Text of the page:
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Engine 42 in Butte County, California
Fire engine red is an informal name, without particular chromatic specification, for an intense, bright red commonly used on emergency vehicles in the United States and Canada, mostly on, as the name implies, fire engines.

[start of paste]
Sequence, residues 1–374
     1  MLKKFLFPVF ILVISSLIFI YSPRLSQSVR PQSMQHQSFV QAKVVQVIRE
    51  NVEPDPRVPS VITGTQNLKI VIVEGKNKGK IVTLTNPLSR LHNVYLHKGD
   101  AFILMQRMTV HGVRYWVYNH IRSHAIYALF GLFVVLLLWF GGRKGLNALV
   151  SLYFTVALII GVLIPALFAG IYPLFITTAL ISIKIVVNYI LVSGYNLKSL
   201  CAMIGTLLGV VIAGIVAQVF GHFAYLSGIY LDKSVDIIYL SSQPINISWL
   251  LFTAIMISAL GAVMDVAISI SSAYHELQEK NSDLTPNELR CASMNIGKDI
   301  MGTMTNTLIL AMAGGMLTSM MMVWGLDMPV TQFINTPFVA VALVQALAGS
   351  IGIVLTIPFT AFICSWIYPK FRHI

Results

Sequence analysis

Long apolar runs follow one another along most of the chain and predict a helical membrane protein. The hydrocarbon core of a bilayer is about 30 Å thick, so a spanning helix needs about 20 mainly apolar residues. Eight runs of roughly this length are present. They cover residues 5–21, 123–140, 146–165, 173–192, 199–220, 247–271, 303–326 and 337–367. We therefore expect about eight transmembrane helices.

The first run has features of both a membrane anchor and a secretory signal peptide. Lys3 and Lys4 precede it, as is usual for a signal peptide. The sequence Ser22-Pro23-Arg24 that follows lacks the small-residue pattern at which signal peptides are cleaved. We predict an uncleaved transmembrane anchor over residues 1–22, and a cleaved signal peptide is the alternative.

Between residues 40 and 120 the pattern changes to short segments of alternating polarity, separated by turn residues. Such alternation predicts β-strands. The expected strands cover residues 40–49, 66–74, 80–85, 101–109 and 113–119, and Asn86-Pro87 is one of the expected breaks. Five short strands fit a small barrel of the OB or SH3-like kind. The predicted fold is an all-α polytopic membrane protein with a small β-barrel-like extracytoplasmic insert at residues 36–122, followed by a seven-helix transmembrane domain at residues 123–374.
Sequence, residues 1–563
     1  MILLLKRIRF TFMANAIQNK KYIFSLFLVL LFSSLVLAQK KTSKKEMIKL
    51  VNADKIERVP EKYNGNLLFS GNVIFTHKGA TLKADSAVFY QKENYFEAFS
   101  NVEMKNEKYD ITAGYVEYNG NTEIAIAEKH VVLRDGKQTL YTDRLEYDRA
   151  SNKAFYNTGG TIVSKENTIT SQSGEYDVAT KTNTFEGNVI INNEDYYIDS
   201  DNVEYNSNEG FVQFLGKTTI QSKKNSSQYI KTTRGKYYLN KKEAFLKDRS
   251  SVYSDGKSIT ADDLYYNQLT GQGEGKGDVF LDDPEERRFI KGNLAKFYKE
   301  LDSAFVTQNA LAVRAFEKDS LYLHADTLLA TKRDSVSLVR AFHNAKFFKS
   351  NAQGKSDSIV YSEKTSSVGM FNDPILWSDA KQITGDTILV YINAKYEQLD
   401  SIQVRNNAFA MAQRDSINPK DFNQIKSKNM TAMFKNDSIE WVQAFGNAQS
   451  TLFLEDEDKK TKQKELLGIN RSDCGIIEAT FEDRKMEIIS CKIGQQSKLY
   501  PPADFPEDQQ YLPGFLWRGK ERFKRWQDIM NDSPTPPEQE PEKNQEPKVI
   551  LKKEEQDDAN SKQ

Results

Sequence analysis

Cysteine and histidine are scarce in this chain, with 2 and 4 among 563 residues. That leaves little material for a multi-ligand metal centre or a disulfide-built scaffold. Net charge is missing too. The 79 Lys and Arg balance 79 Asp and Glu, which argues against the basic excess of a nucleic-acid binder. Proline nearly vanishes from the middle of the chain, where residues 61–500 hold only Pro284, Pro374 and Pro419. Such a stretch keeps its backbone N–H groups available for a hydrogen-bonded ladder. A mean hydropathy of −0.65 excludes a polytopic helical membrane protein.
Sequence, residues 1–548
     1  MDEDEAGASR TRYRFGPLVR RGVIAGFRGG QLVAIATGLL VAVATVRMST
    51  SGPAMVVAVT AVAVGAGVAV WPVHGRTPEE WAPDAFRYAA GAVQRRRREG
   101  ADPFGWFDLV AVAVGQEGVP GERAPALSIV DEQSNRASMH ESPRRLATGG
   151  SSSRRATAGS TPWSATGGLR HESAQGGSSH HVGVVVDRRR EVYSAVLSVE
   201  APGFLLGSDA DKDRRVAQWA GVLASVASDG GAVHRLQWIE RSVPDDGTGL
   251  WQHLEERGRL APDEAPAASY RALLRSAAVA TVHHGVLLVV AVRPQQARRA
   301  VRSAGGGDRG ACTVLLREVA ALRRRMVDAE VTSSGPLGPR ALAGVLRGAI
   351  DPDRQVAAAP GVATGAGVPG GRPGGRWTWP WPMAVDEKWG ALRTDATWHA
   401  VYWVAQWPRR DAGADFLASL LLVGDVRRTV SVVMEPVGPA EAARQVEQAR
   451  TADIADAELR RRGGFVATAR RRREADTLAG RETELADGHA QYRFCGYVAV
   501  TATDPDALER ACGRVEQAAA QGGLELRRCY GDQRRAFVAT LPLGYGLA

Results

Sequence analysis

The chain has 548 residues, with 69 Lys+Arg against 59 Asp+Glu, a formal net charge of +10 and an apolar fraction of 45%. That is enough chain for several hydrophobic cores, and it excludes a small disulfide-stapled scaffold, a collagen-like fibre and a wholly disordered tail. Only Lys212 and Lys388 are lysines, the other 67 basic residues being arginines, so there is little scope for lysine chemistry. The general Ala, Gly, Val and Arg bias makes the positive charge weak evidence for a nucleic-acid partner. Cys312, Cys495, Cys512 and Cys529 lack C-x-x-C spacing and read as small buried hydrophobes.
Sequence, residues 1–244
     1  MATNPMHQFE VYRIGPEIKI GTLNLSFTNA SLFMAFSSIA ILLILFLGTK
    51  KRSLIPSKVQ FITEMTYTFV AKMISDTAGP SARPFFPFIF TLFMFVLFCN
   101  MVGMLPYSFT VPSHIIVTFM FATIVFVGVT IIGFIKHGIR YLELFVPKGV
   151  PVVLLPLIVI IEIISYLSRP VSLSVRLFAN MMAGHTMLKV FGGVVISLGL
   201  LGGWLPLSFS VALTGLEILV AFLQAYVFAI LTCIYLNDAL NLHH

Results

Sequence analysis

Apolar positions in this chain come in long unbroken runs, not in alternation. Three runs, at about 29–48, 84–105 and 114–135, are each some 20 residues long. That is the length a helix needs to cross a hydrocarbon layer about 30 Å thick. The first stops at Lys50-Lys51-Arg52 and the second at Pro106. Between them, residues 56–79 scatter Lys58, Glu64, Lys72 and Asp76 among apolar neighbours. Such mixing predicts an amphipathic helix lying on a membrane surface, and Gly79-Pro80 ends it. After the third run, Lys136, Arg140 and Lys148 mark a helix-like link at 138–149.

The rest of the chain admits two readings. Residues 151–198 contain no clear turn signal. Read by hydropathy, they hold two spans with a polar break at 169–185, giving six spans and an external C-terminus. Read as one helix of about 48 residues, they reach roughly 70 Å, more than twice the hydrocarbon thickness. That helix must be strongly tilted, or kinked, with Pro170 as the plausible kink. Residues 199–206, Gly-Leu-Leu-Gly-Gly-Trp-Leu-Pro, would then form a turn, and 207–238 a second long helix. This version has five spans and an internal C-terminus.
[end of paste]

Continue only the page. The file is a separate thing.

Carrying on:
Most traditional older fire departments in larger U.S. central cities of major metropolitan areas use this color for their fire engines, but many suburbs and smaller cities now use the color lime or bright yellow for their fire engines because of its greater visibility at night. The initial research into fire appliance visibility was conducted by the City of Coventry (UK) Fire Brigade and Lanchester College of Technology in c. 1965. This research concluded that under the range of artificial street lighting in common use at the time yellow more generally retained its conspicuity under a variety of lighting color renderings. It was also more conspicuous in general road conditions in day time and during inclement weather. Research conducted by Dr Stephen Solomon, a New York optometrist, promoted the use of 'lime yellow' in the United States from the mid 1970s. Further research that endrosed the use of yellow for emergency vehicles generally was published in 1978 in Australia (Green, 1978, Emergency vehicle warning systems and identification, NSW Public Works Department). Solomon conducted studies of the rate of vehicle accidents involving fire apparatus, concluding that the more conspicuously colored fire apparatus suffered a lower accident rate than the less conspicuously colored vehicles (red) used by the same fire department (Solomon, 1990, "Lime-yellow color as related to reduction of serious fire apparatus accidents -- the case for visibility in emergency vehicle accident avoidance" Journal of the American Optometric Association, 61(11) 827-830) and (Solomon and King, 1995 "Influence of Color on Fire Vehicle Accidents" Journal of Safety Research 26(1) 41-48).